Linksys experts...a bridging question concerning AP's

I’m hoping someone on this board knows a bit about Linksys AP products, specifically their Wireless-G Broadband Router product. The question is…can you have AP talk to each other (i.e. can they act as a bridge) by themselves wirelessly, or do you need to buy an actual wireless bridge product to tie them together? One of my customers insists you CAN do this, but I’ve looked over the unit and done a bit of research and I don’t think it will work this way. However, I thought I’d check here as sometimes 'dopers know some surprising things. I don’t want to use a third party firmware upload (I found one guy who says you can make the unit do what I’m trying if you upload an unauthorized firmware patch).

So…AP to AP via wireless. Can you do it with this equipment?


I do not think you can do this wirelessly easily, but I think it can be done–i.e. have the second wireless AP connected wirelessly to the first and acting as a second AP. , e.g.

I personally use the Linksys WRE54G Range Expander to increase the range of my Linksys AP. Works fine.

I am not an expert and just fumble along, so take it for what it’s worth…

The folks on the board found on this site:

Can almost certainly answer your question. It is 100% dedicated to linksys products, and there are a few linksys employees that contribute. You may well need to figure out WHICH version of the 54g router you have before the question can be answered. There are FAQs and tutorials there that explain this.

You want to buy two Linksys wireless access points, and use them as a bridge, so they’re like a long piece of magical transparent cable, and other wireless devices aren’t parties to their private bridge conversation? Yes, you can do this, at least with (IIRC) their WAP11, which I used 2 of a couple years ago to do exactly this. You put them into wireless bridge mode through their setup pages. Though, there is something slightly funny about it. I remember looking at a network storage device that warned that due to some problem they were working on, you couldn’t talk to the device if you tried to do it through a wireless bridge.

There was a software bug years ago that caused people’s emails to be randomly deleted if the second letter in their username was “k”. I bet that’s involved here, somewhere, too.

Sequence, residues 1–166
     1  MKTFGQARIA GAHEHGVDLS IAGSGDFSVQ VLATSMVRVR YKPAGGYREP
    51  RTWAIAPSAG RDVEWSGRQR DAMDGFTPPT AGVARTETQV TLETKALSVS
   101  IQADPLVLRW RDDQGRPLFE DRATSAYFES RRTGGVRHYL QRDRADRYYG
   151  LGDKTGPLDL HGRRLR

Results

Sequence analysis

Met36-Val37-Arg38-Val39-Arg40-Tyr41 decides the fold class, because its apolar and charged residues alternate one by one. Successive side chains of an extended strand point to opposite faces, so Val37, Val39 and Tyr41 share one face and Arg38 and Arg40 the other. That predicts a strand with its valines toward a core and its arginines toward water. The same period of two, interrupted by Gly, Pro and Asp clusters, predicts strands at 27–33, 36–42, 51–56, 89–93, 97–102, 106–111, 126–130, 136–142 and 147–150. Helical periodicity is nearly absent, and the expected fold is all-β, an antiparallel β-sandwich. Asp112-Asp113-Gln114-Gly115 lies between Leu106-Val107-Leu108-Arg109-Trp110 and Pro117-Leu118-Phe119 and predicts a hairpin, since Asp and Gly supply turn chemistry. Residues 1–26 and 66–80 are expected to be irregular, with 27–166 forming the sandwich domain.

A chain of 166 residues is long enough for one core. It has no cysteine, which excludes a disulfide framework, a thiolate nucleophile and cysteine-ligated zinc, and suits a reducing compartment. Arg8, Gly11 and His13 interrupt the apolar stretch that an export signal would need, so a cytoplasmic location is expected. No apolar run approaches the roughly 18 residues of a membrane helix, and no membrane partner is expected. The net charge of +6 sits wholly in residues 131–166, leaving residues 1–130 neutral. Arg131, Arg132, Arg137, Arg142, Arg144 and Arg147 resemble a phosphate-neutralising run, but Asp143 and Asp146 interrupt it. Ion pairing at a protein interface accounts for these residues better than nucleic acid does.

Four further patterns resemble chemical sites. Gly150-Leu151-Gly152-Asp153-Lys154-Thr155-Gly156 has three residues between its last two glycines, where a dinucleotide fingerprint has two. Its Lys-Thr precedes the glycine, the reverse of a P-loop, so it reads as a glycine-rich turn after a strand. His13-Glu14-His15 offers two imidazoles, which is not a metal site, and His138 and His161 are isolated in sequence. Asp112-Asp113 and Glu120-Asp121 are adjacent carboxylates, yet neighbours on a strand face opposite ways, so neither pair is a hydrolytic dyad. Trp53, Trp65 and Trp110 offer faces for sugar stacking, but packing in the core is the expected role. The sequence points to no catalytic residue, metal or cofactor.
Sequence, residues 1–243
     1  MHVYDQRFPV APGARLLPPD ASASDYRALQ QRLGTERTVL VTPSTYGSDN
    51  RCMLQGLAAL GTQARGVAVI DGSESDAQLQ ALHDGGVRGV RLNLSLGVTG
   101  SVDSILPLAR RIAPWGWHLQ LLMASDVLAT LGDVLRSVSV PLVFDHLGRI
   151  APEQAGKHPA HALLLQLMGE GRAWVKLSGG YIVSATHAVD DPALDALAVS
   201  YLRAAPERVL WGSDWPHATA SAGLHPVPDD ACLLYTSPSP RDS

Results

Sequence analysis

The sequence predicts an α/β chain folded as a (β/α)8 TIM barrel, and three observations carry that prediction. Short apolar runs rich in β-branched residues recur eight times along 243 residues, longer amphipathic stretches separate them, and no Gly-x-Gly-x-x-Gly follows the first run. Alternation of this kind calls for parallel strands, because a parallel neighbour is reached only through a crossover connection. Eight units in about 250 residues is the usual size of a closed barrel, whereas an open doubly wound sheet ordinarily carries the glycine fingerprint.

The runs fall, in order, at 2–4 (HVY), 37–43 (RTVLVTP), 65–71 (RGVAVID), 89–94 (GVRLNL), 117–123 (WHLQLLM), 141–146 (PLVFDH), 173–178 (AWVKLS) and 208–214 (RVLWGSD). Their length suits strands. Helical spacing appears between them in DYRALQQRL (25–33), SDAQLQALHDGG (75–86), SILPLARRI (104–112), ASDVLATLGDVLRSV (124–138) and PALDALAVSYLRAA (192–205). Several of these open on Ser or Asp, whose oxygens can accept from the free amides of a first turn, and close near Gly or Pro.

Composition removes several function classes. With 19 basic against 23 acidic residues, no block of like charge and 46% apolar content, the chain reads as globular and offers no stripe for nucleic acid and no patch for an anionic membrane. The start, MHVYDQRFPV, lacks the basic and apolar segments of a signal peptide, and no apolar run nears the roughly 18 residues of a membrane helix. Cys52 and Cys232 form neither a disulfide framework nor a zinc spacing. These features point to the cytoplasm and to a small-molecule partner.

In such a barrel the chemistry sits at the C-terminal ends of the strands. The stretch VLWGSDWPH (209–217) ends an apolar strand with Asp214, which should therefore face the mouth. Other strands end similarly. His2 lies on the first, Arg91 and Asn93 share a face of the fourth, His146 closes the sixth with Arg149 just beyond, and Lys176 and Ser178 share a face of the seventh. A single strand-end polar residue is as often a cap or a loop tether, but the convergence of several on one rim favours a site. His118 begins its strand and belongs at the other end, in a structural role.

I don’t think you can do it without a different firmware. (Or a more expensive unit.) I used DD-WRT to wirelessly bridge my two Linksys WRT54G routers at home and it totally works. Like a charm. The DD-WRT interface and abilities are way better than the original. It has bridging, free SpeedBoosting, non-US channels, telnet, blinkenlight control, signal scanning, and more.

You didn’t say why you don’t want to use 3rd party firmware, but it’s free, easy, and better, so I recommend reconsidering, if possible.

Some Linksys devices have bridge mode and client bridge mode, but I have a feeling you need to match them with another identical Linksys device at the other end.

As J Cubed says though - dd-wrt can do it very easily (and it’s better than the standard firmware in so many other ways too) - I just installed a second hand WRT54G on which I installed dd-wrt and I’m using it as a bridge to a totally different router - I’m doing it this way because I can’t seem to get any wireless networking to function in Linux, so my machine needs a wired ethernet connection, which the bridge provides.

I am using a couple of Linksys Access points (standard firmware) as a bridge to get wireless to my TV (XBox360 and Showcentre 1000) - works a charm.

What distro are you using - my Kubuntu laptop install is streets ahead of Vista on similar hardware in terms of wireless connectivity. My wife gets fed up with Vista not connecting, while I am almost always connected from laptop wakeup. YMMV.


I’m using Ubuntu 7.04 - I know wireless support is improving, but it still seems pretty much pot luck. I don’t want to use ndiswrapper and although there is a list of fully-supported devices, it’s almost impossible to buy a wireless adaptor by chipset - because manufacturers change chipsets without altering their model numbers - and also because a lot of the supported devices are supported because they’ve been out there for a while (and aren’t available in that form at the stores anymore).

The bridge is a better solution anyway, I think, as there are a bunch of other reasons why I want wired ethernet at my desk - especially when I’m tinkering with old machines, or other people’s hardware.